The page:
Happy Makar Sankranti 2021 – Sankranti Festival
Makar Sankranti 2021 Significance, History, and why it is celebrated?
One of the main Hindu festivals in India is Makar Sankranti, and Indians celebrate this festival with a lot of fervour. The festival is primarily celebrated in India and also by Indians and Hindus around the world. The festival, as well as a seasonal observance, is a religious celebration and marks the winter solstice, when the sun’s direction changes which lead to ever-longer, longer days.
This day is a major harvest festival, also known as Maghi, and is dedicated to the sun god Surya, it also marks the first day of the transit of the sun into Makara (Capricorn) raashi (zodiac sign) and is observed in January. The festival is usually celebrated on 14 January, but it takes place on 15 January, with certain exceptions, which is also the case for the year 2020.
This festival is also known as Uttarayan, as the sun begins its journey northwards from the day of Makar Sankranti. The harvest festival, though under different names and customs, is celebrated throughout India. Depending on the area in which it is being celebrated, the festivities linked to Makar Sankranti have several names. For instance, it is called Maghi by North Indian Hindus and Sikhs and is preceded by Lohri.
In Maharashtra, Goa, Andhra Pradesh, West Bengal, Karnataka and Telangana, Sukarat in central India, Magh Bihu by Assamese, and Thai Pongal or Pongal by Tamilians, it is known as Makara Sankranti and also Poush sôngkrānti. As part of the Makar Sankranti festivities, kite flying is organized in Gujarat.
Devotees take a holy dip on this day in rivers such as Ganga, Yamuna, Godavari, Krishna, and Cauvery. They claim that this washes away their sins that it is also considered a time of peace and prosperity, and on this day many spiritual rituals are carried out. The Kumbh Mela, which is one of the largest mass privileges in the world, also takes place every 12 years, along with Makar Sankranti celebrations. On this day, jaggery and sesame laddoos or chikkis are distributed popularly known as til-gud.
Sankranti is considered to be a God. Sankranti, according to legend, murdered a devil called Sankarasur. Karidin or Kinkrant is named as the day beside Makar Sankrant. On this day, the devil Kinkarasur was killed by Devi. Makar Sankranti’s legends are available in the Panchang. The Panchang is the Hindu Almanac that gives details on Sankranti’s age, shape, dress, direction, and movement. Makar Sankranti is the date on which the sun starts to travel northward. The Karka Sankranti to Makar Sankranti era is known as the Dakshinayan period.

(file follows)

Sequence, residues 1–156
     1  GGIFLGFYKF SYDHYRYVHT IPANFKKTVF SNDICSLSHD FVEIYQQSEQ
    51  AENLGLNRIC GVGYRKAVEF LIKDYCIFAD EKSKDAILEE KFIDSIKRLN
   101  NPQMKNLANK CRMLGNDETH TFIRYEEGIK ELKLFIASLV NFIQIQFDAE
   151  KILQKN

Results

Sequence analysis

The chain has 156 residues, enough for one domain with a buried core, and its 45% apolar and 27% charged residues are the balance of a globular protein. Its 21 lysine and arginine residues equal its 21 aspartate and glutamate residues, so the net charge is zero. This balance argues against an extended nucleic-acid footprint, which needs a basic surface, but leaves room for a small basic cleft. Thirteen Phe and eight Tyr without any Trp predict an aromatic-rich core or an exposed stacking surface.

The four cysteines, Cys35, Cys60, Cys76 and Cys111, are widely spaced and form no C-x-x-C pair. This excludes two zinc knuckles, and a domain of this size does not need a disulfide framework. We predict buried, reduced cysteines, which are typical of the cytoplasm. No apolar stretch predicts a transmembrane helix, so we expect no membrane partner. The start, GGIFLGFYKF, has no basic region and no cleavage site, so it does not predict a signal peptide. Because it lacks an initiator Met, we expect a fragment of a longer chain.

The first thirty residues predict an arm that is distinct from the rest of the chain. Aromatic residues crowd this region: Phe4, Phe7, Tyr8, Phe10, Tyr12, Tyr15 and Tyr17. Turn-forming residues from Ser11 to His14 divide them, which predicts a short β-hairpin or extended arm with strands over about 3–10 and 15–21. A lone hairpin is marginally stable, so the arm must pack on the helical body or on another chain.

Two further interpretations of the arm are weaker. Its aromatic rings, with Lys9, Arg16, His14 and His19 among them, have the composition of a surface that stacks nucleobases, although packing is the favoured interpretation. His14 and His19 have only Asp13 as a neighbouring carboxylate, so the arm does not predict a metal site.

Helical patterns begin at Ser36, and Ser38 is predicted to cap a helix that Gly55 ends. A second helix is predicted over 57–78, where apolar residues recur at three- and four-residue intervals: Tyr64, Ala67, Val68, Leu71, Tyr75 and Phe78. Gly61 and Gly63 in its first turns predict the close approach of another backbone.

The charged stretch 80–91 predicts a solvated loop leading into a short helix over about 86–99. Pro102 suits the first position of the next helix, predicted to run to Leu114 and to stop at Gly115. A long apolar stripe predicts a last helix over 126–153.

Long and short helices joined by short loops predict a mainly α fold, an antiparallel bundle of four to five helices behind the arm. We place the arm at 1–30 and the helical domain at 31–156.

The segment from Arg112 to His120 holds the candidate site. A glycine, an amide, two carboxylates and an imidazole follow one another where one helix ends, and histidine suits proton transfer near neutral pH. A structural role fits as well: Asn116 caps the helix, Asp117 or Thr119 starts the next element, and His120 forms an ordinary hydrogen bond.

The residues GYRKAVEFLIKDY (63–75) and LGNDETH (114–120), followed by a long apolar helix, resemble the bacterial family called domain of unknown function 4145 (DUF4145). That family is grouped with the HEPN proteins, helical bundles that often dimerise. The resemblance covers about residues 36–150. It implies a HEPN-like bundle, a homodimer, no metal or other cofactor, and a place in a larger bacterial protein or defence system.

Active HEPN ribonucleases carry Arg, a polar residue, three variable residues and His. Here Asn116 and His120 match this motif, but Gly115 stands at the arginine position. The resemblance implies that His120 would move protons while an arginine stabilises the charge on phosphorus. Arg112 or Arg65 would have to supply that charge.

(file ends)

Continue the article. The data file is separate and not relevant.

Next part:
Dakshinayan symbolizes the night of God or the sign of negativity, according to the scriptures, and Uttarayan is known as a symbol of the day of Gods or a sign of positivity. Since the sun begins its journey to the north on this day, people take a holy dip in the holy places in Ganga, Godavari, Krishna, Yamuna River, chanting mantras etc.
The sun is placed in the southern hemisphere before Makar Sankranti. Due to this, in India, nights are longer and days are shorter in winter. But the sun begins its path to the northern hemisphere with the Makar Sankranti, so days will be longer and nights will be shorter.
On the occasion of Makar Sankranti 2021, by adoring the Sun God in various ways, people express their gratitude to the people of India throughout the year. In Uttar Pradesh, it is primarily the ‘Donation’ festival. The Magh fair, which continues for a month at the confluence of Allahabad’s Ganga, Yamuna and Saraswati, begins only on the day of Makar Sankranti. People in Uttar Pradesh quickly eat and give khichdi on this auspicious day. At Gorakhdham in Gorakhpur, Khichdi Mela is also organized.
Thus, the Makar Sankranti festival has its own significance in India. It is celebrated under different names in various states. Also mentioned in the above article is what its history is, why Makar Sankranti is celebrated every year, etc.
Another legend indicates that on the day of Uttarayan (Uttar meaning north and Aayan meaning solstice), when the Sun’s rays pass upwards, Bhisma Pitamaha, the legendary character from Mahabharat, breathed his last and attained moksha or salvation.
Social festivals such as colourful decorations, rural children going house to house, singing and asking for sweets and pocket money, fairs, dances, kite flying, bonfires and feasts are observed at this festival.
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